Disney’s chief executive said that the company has only just started making global layoffs as it works to incorporate its newly acquired assets from 21st Century Fox.
Bob Iger, the chairman and CEO of the Walt Disney Company, added that the job cuts are necessary to generate beneficial synergies, an industry term referring to the impact a business tip-up can have on profits or revenues.
In this case, Disney’s executives have forecast about $2 billion in cost saving synergies as the combined company cuts business segments or employees that were duplicated through the Fox acquisition.
“We’re just beginning a consolidation process across the world. And we’ve been candid about that with people in the organization,” Iger told CNBC’s David Faber on Thursday. “There’s work to do to get to the synergies that we talked about, which were cost synergies. We have consolidation ahead of us.”
Asked explicitly whether there are more job cuts to come, Iger answered in the affirmative.
“We’re very early into this process and I’ve never second guessed decisions that we’ve made. And I’m certainly not going to second guess this one, not at this point anyway,” he added.
Iger told that his conversations with Fox’s Rupert Murdoch that ultimately led to the $71 billion deal were based on on the launch of Disney+.
The chief executive’s sit-down with CNBC came just after Iger and other Disney leaders unveiled Disney+, the company’s forthcoming direct-to-consumer offering. The streaming service is set for launch on Nov. 12 and will cost $6.99 per month or $69.99 per year.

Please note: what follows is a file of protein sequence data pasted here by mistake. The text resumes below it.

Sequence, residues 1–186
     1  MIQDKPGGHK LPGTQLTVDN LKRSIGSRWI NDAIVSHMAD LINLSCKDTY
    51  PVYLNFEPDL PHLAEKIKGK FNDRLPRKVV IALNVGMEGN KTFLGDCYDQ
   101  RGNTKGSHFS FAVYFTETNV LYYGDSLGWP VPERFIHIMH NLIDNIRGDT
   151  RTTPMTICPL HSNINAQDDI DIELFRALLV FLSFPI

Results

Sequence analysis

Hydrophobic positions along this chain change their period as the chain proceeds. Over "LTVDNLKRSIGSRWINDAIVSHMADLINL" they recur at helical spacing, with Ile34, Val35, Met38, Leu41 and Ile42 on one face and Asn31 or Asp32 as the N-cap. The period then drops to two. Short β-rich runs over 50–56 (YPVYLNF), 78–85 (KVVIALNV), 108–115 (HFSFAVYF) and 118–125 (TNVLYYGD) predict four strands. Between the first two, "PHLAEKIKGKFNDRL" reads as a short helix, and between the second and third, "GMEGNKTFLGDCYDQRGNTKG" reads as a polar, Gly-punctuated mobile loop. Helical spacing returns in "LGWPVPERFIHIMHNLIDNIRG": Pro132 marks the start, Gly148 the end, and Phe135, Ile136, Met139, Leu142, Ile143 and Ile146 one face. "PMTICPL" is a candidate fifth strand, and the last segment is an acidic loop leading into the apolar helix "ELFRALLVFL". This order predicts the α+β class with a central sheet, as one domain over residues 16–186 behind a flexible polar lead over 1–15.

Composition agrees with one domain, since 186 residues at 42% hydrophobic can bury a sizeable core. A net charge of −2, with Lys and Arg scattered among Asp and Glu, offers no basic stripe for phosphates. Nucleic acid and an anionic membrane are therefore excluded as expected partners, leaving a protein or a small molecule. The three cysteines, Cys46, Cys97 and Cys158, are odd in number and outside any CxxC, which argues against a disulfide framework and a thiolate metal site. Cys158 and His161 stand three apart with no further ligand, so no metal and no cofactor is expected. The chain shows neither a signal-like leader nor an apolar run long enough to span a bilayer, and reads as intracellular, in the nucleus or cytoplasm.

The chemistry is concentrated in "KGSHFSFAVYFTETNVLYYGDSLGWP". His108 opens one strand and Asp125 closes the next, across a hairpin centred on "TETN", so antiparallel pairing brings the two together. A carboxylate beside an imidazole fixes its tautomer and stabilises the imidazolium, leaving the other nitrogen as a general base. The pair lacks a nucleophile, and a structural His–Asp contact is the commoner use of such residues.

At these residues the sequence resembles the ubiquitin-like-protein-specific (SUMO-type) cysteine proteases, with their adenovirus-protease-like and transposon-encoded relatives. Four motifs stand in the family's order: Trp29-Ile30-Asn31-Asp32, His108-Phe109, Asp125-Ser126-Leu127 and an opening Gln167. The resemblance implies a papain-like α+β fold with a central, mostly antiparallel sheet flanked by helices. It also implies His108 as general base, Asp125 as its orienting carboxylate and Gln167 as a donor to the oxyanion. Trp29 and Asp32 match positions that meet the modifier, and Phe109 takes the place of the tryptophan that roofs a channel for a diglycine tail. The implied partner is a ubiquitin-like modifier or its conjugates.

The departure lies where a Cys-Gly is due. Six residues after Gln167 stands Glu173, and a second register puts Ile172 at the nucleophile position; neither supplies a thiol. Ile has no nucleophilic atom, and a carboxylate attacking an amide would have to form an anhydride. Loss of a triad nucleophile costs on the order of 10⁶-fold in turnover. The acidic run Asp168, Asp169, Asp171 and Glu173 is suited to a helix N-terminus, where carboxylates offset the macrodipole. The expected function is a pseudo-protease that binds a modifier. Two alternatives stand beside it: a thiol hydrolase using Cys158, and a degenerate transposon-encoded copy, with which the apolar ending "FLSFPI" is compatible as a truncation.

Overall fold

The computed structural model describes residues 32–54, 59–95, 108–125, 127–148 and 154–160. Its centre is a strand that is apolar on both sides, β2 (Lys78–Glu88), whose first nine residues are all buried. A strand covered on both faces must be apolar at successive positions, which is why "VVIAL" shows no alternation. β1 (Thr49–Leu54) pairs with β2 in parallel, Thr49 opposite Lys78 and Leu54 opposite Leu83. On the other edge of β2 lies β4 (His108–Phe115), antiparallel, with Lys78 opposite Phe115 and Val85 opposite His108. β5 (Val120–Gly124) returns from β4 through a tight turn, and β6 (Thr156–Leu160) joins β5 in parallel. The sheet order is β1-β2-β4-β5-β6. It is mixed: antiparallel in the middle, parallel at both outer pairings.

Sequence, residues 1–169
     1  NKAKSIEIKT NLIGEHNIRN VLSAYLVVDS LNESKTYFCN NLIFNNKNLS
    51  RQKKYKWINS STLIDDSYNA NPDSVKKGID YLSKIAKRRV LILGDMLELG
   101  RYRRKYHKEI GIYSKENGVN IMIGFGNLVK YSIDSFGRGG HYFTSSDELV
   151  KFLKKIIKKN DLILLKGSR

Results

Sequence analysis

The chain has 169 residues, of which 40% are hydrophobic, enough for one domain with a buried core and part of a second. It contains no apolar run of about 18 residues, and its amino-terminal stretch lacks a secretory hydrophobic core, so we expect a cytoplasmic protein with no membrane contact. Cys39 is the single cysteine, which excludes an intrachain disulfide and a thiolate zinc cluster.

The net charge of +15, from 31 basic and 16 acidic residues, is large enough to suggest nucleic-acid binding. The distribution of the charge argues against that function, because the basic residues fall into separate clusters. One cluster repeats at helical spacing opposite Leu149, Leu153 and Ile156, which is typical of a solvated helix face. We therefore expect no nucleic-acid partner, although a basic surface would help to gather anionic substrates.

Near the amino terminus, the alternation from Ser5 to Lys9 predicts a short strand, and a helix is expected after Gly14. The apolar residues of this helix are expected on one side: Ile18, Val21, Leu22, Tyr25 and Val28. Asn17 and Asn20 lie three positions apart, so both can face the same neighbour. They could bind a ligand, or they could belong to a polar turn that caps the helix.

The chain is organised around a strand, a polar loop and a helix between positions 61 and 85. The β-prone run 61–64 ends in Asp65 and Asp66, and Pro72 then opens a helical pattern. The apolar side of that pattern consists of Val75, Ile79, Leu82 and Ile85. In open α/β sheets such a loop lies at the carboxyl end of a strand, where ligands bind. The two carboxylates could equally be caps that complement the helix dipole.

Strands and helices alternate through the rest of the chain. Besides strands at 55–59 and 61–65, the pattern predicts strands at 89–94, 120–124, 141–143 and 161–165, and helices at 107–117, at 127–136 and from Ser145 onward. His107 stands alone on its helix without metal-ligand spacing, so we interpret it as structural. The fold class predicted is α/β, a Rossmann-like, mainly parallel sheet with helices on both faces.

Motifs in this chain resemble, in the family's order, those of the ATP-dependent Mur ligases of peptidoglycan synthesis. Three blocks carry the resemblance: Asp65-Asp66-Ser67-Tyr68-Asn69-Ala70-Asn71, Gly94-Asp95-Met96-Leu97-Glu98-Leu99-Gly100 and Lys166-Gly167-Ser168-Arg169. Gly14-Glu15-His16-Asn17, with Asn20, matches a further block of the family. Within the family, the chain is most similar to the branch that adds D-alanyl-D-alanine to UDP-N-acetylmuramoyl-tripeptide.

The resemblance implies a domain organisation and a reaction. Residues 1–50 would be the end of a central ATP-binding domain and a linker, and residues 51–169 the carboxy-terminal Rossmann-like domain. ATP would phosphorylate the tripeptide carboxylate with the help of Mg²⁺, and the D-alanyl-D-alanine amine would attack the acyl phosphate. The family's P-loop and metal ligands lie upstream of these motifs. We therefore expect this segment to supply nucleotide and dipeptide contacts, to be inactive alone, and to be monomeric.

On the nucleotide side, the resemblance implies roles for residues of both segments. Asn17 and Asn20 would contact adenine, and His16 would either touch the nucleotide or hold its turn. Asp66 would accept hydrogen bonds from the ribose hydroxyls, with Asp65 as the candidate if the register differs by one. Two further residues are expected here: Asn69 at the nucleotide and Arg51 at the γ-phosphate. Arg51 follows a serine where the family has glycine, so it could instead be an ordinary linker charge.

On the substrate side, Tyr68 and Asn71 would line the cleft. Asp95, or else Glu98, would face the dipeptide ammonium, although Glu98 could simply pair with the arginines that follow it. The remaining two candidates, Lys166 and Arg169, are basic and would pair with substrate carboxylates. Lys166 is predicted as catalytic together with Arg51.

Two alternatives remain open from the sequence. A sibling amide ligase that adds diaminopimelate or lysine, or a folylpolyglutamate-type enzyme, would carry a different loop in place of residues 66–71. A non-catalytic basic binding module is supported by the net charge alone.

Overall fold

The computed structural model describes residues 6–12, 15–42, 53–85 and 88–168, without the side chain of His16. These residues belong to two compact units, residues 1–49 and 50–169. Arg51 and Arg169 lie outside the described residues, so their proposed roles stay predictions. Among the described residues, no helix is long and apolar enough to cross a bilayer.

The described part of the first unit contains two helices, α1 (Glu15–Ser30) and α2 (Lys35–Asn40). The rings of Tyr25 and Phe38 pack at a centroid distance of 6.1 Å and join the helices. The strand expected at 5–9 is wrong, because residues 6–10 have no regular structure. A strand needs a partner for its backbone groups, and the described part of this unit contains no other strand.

Iger also confirmed at the company’s investor day on Thursday that he will step down in 2021.
“I’m expecting my contract to expire at the end of 2021,” Iger said during Disney’s investor day presentations. “And I was going to say ‘and this time I mean it,’ but I’ve said it before.”
Iger has postponed his contract with Disney twice during his tenure and has made a successful Disney+ a priority in his last few years at the head of the company.
“The most important thing is that the company get through the transition seamlessly,” Iger told CNBC. “I believe that two-and-a-half years from now, or roughly two years after we’ve launched this massive initiative, the company — it will be well on its way.”
“That will be the right time for a transition at the CEO level. The Fox acquisition will have been assimilated. We will be off and running on the direct-to-consumer space,” he added.